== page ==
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Chapter 1: So What's Python?
"And Now for Something Completely Different.."This book is about using Python, a public-domain programming language. In acronyms, Python is both a very-high-level language (VHLL), and an object-oriented dynamic language (OODL). As a preliminary definition, Python can be described as a new kind of language tool. For many users, its
- Support for object-oriented development
- Powerful programming constructs
- Extendible and embeddable architecture
- Remarkably clear syntax and coherent design
make it almost ideal as both a scripting interface for modern systems, and a stand-alone rapid- development language. For example, Python's object-oriented nature mixes well with frameworks written in C++. And as a standalone tool, Python is commonly used in domains such as system administration, graphical user interfaces, internet scripting, and database programming. We'll refine this description in a moment.
The Life of PythonPython was invented around 1990 by Guido van Rossum, at CWI in Amsterdam. Despite the reptiles, it's named after the BBC comedy series Monty Python's Flying Circus. Guido was also involved with the Amoeba distributed operating system and the ABC language. in fact, the original motivation for Python was to create an advanced scripting language for the Amoeba system.
But Python's design turned out to be general enough for a wide variety of domains. It's now used by a growing number of engineers around the world, in increasingly diverse roles. For instance, a number of companies use Python in commercial products, for tasks such as GUI development tools, WWW scripting, interactive television, rapid program development, on-site customization of C++ class libraries, and more.
Since it first appeared on the public, domain scene in 1991, Python has continued to attract a loyal following, and spawned a dedicated Internet newsgroup, comp.lang.python, in 1994. And as this book was being written, Python's homepage debuted on the WWW at http://www.python.org/.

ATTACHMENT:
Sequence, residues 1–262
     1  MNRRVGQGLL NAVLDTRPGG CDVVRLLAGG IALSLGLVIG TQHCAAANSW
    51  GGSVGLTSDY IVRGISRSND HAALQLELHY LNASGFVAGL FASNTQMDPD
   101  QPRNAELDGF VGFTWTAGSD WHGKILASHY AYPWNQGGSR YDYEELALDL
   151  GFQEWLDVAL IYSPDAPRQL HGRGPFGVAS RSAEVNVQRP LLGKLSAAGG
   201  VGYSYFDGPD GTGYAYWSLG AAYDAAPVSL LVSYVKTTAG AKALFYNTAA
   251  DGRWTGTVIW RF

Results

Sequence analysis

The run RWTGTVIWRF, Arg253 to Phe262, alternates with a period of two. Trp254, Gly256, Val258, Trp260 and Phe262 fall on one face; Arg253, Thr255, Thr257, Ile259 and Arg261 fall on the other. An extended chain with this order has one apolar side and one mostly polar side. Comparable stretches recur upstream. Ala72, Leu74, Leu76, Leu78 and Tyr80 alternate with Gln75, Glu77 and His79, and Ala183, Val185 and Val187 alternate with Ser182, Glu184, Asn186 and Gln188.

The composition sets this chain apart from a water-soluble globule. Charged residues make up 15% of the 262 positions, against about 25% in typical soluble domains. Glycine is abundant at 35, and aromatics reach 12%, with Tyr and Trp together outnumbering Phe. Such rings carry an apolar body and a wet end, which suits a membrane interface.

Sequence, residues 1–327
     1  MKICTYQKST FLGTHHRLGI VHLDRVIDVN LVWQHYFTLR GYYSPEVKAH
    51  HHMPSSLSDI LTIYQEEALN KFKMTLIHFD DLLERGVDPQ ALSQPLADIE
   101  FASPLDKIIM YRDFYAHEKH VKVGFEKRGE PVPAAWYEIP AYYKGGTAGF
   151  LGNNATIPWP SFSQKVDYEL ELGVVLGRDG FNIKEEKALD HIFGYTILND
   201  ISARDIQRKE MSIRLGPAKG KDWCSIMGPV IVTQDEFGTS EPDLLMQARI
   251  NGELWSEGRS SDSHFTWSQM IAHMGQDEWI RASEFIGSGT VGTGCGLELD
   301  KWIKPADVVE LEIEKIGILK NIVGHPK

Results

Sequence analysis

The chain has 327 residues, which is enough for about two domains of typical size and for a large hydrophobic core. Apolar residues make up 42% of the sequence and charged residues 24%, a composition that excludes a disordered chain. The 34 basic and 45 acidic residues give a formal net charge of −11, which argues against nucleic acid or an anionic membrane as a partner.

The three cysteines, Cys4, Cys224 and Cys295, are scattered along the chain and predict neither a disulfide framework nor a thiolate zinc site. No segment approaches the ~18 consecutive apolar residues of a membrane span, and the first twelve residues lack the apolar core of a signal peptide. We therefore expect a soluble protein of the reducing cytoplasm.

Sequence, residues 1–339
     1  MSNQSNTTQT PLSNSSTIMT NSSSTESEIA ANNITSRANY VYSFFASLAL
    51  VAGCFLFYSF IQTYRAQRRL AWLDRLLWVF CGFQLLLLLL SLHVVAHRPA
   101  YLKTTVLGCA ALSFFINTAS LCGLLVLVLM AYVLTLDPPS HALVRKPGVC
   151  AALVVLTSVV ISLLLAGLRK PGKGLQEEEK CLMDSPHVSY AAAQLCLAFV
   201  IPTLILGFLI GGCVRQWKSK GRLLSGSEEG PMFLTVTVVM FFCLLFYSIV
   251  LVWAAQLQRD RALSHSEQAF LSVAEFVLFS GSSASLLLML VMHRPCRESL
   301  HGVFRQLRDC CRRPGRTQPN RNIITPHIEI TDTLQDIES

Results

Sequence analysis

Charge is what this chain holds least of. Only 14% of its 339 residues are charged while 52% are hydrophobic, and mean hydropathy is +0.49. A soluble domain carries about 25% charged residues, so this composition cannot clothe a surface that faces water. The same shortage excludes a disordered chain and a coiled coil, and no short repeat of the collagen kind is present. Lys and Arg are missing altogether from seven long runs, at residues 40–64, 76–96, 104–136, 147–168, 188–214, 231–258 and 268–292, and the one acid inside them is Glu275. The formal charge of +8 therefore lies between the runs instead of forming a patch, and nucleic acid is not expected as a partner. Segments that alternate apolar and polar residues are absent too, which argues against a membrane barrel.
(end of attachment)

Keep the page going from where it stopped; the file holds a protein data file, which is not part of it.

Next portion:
To help manage Python's growth, an informal organization aimed at supporting Python developers has begun taking shape: the Python Software Activity, or PSA for short. Despite its public domain status, Python is a well-supported system, thanks to the dedication of its inventor and the Python community. For example, the PSA facilitates Python workshops, and maintains a software and resources locator service.
"Buses considered harmful"The PSA was originally formed in response to a thread on the Python newsgroup, which posed the semiserious question: "What would happen if Guido was hit by a bus?" Guido van Rossum still manages most new developments in Python, but the PSA and Python's user-base help support the language, work on extensions, etc. Given Python's popularity, and the PSA infrastructure, bus attacks seem less threatening now; of course I can't speak for Guido ...
Finally, Python is true freeware: there are no restrictions on copying it, or distributing it with your products. it comes with complete source code, a debugger and profiler, built-in interfaces to common external services, plus tools for adding other interfaces. System functions, GUls, and databases are supported "out of the box." Python programs run on most platforms, including nearly all flavors of UNIX, PCs (DOS, Windows, OS/2), the Macintosh, and others. And by the time you read this, Python should be part of most Linux distributions.
What's All the Excitement About?Back to our description. Python has been called a "next-generation scripting language." This definition probably summarizes the language's distinctions, and the theme of this book, better than most. Although different people like different things about Python, there are some common reasons underlying its popularity. Some of the central points in the "Python philosophy" are: